Before Kobe Bryant went down with a torn left Achilles on April 12th, he was enjoying one of the most historic and unprecedented seasons in NBA history.
Now at 34 years of age, Kobe has spent half of his life playing professional basketball; he was just two games away from completing his 17th season when it was abruptly cut short in the waning minutes against the Golden State Warriors on April 12.
Seventeen seasons is a long time in the NBA. Out of the thousands of players to have played in the Association over the years, only 43 have totaled 17 seasons or more.
Of those 43 players, only eight of them are currently on an active roster: Jason Kidd (40), Juwan Howard (40), Grant Hill (40), Steve Nash (39), Derek Fisher (38), Ray Allen (37), Kevin Garnett (36), and Bryant (34). And while Bryant is the youngest player on that list, he has some of the most mileage, and his 1,239 games played (22nd all-time) ranks third behind only Jason Kidd’s 1,389 and Kevin Garnett’s 1,322.
So just how historic has Kobe Bryant’s season been? Well, there are two ways to look at it:
1. Total Seasons Played
FIRST METRIC: TOTAL SEASONS PLAYED
First, we’ll look at seasons played and those 43 players who have logged 17 seasons or more.
Of those 43 players, only seven of them had a Player Efficiency Rating greater than 20.0 in their 17th season: Kobe Bryant, Kareem Abdul-Jabbar, Shaquille O’Neal, John Stockton, Karl Malone, Hakeem Olajuwon, and Kevin Garnett.
Now that we’ve narrowed it down to a statistically similar group, let’s compare all of their 17th seasons:
Using our first metric and comparing Kobe’s 17th season to the 17th season of the remaining players, we see that Bryant ends up leading the way in points per game and is second in assists per game.
He comes up sixth in rebounding, but that’s almost entirely because he’s one of only guards on the list.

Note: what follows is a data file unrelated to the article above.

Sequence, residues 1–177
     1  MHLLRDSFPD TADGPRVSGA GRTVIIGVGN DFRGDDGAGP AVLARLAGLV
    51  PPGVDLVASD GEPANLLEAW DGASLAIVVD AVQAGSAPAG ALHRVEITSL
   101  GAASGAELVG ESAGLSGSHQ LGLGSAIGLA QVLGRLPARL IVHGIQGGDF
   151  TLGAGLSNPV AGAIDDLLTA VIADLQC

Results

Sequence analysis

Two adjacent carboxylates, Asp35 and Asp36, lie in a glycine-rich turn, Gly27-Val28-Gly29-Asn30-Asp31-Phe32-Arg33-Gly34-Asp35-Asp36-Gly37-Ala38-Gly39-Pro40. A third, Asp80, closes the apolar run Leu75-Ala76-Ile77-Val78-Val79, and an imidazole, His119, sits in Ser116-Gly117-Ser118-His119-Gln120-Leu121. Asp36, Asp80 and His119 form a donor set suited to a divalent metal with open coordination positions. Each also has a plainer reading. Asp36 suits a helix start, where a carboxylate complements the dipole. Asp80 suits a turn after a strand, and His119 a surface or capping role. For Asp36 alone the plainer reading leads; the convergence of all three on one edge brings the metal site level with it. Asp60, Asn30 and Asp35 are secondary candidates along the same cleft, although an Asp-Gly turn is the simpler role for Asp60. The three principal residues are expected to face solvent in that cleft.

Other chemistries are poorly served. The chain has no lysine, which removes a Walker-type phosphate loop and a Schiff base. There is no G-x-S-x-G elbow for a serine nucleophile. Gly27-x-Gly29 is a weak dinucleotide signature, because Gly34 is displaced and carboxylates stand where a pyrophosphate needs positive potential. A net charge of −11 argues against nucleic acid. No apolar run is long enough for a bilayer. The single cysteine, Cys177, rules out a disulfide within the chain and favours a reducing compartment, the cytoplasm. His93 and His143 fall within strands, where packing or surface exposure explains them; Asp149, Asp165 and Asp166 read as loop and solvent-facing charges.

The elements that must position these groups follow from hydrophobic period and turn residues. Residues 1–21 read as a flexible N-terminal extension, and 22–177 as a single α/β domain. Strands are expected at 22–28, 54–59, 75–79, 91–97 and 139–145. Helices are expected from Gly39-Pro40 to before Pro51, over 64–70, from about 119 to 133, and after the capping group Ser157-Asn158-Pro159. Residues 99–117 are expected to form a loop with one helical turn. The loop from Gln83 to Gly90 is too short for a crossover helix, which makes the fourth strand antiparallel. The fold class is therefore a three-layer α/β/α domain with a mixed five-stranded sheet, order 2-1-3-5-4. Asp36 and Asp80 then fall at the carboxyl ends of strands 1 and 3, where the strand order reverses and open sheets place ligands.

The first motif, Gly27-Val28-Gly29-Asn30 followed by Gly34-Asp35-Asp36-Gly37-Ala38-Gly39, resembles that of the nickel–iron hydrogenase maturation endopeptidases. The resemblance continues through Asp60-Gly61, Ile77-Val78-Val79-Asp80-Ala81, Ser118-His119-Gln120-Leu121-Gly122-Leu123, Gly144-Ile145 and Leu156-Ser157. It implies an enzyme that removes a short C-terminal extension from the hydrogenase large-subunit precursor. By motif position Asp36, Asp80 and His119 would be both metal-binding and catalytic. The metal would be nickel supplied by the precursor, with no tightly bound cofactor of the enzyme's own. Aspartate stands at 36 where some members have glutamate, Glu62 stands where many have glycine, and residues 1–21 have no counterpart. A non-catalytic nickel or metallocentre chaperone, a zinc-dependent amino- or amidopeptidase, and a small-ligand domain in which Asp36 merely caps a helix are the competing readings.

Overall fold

Most importantly, he ranks first in terms PER (player efficiency rating).
SECOND METRIC: AGE
Moving onto our second metric, we can compare Kobe’s season at age 34 to the other greats at age 34.
Unfortunately, there’s no easy to way to find a list of all the professional basketball players who played at 34 and their numbers. So this comparison was a matter of manually sifting through various statistical databases.
Ultimately, what I’ve done is used the 50 Greatest Players in NBA History and compared their statistics recorded at age 34, regardless of how many seasons or games they had played.
Despite the fact that the list was formulated in 1996, it’s fairly comprehensive, because almost all of the players that don’t appear on that list (LeBron James, Dwyane Wade, etc) aren’t yet 34. In addition to that list of 50, I’ve included Tim Duncan, Gary Payton, Reggie Miller, and Paul Pierce.
So, how does Kobe’s season at 34 years of age compare to 54 of the NBA’s greatest players at that same age?
Similar to our first metric, those who had a PER of 20.0 or higher made the list, which narrowed it down to 18 total players.
Looking at the statistics of those 18 basketball legends, Bryant’s season ranks 6th in terms of PER, at 23.0.
Not only that, his 27.3 points per game this season were the second highest for any 34-year-old player ever, behind only His Airness.
There’s always going to be heavy debate about Kobe Bryant’s legacy and where he ranks among the greatest players of all-time.
I won’t make any arguments about Bryant’s overall place in history, but it is clear to me that I have witnessed one of the greatest – if not the greatest – offensive season by a basketball player of Kobe’s age.
Depending on how you look at it, there isn’t a single professional basketball player who has played as many games as Bryant while putting up his kind of numbers (Michael Jordan only played 1,072 games). But there have been five players who have had more spectacular numbers (based on PER) at age 34, two of whom are guards like Bryant: Jordan and Jerry West. That’s impressive company.
But PER isn’t everything. For one final comparison, we’ll take one more look at West’s 1972-73 season and Jordan’s 1997-98 season up against Bryant’s latest year:
In our last table, I also added in effective field goal percentage, and true shooting percentage, which takes into account 3-point shooting and free throw shooting (bear in mind that for Jerry West’s season, the NBA had not introduced the 3-point shot).
As you can see, Kobe was actually a slightly better shooter this season than both Jordan and West were at 34, further demonstrating the impressive and historic year Bryant had.
Ultimately, only time will tell if Kobe can recover from his Achilles injury. He’ll have to dip into the Fountain of Youth one more time, but as he’s shown this season and throughout the latter part of his career, it’s certainly in the realm of possibility.